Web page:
Books by Ursula Le Guin
Interviews where books by Ursula Le Guin were recommended
Ursula Le Guin’s most groundbreaking books are considered landmark texts in speculative fiction, exploring themes of colonisation, gender, nationalism and environmentalism through allegorical means. Here, the science fiction scholar Sherryl Vint selects five of the best books by Ursula Le Guin and examines her legacy as one of the great American writers.
Interested in science fiction, but not sure where to begin? Sceptical of spaceships, but never really given them a chance? We asked Nicholas Whyte, administrator of the World Science Fiction Society’s renowned annual Hugo Awards, to recommend five of the best sci fi books that should appeal to readers new to the genre
The best sci-fi explores humanity’s anxieties and concerns and is in some sense about the future. But it doesn’t try to predict what’s to come. The literature professor and sci-fi writer recommends five classics of the genre.
Catherine Mayer—author, journalist and president of the Women’s Equality Party—talks to Five Books about her optimism for a more equal future for society by way of her favourite science fiction visionaries and their work.
Visionary storytelling, or fantasy, is part of our cultural DNA. Far from being simply fantastical or facile, we can use the fantasy realm as a testing ground for important ideas, argues Brian Attebery, a leading scholar of the genre. He talks us through five key works that demonstrate fantasy’s many uses, from 1922 through 2010.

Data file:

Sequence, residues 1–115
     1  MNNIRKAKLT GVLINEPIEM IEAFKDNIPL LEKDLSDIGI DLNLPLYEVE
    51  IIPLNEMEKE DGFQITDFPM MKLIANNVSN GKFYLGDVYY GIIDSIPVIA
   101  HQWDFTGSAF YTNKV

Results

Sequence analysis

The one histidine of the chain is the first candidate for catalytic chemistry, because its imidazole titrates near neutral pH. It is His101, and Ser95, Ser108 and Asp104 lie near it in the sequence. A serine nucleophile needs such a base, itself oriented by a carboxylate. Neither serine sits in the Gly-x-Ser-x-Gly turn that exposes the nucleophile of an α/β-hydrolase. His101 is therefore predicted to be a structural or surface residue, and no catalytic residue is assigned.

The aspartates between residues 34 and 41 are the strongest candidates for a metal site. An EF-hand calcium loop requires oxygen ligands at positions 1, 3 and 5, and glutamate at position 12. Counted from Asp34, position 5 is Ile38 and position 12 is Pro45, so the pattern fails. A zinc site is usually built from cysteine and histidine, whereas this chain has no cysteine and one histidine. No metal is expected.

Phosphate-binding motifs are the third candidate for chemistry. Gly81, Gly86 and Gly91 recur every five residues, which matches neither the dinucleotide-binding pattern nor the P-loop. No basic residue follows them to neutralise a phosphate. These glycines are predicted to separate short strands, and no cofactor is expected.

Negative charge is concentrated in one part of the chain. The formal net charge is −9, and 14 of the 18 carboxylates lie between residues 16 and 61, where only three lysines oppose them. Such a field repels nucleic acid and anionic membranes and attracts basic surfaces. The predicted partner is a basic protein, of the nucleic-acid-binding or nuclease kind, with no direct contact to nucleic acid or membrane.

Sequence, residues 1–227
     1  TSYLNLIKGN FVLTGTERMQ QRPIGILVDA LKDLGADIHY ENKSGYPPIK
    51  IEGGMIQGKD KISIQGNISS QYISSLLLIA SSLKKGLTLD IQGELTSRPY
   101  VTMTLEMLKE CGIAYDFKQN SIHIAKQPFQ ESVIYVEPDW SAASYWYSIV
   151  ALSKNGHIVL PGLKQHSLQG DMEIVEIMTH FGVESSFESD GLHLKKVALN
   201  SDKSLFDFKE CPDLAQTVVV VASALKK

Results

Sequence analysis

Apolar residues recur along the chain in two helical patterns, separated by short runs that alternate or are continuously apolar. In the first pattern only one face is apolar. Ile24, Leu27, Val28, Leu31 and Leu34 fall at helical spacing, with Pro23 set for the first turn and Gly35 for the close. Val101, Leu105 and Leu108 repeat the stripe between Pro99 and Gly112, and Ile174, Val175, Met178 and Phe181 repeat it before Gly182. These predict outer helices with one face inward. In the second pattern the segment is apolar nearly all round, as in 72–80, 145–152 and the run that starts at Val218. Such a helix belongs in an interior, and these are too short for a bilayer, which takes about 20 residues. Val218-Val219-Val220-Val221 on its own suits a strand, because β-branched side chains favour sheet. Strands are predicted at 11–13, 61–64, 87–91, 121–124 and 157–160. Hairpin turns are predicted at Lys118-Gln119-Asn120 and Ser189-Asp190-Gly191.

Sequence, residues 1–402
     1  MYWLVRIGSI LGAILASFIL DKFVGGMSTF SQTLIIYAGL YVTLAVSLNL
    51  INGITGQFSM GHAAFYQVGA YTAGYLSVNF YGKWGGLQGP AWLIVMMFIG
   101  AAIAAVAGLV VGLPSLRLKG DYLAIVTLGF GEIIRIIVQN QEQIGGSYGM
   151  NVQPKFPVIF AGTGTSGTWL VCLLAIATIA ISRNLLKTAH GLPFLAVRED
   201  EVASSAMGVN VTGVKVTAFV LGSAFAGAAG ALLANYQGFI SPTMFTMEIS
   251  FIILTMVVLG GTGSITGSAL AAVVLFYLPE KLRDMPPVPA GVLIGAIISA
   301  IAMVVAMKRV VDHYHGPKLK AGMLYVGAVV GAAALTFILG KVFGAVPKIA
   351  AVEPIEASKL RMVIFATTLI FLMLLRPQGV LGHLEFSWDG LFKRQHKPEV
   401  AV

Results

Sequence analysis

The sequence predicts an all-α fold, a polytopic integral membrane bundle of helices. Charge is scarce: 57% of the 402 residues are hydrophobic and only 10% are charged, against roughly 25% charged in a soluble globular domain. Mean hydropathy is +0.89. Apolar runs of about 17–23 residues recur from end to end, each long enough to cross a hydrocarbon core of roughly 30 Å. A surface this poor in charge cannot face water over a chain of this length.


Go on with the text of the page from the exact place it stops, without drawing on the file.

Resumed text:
From wizards to alchemy and fairies to folklore, Cressida Cowell reveals the magical stories that were most important to her as a child (and which she now delights in sharing with her own children), and her own inspirations for writing about magic and magical worlds today.
We’re living through a golden age for fantasy fiction, says the author of The Magicians. Here, he tells us what makes for a good fantasy novel, and who’s staking out the future not just of fantasy but of fiction as a whole.
Paul Kingsnorth, co-founder of the Dark Mountain project, urges the need for uncivilisation: the process of getting beyond our human assumptions, such as the myth of unfailing linear progress. It is about looking at humanity in the wider context of the whole planet, and the imminent ecological crisis.
Serious philosophy need not take the form of a journal article or monograph, argues the philosopher and U.C. Riverside professor Eric Schwitzgebel, as he selects five science fiction books that succeed both as novels and provocative thought experiments that push us to consider deep philosophical questions from every angle.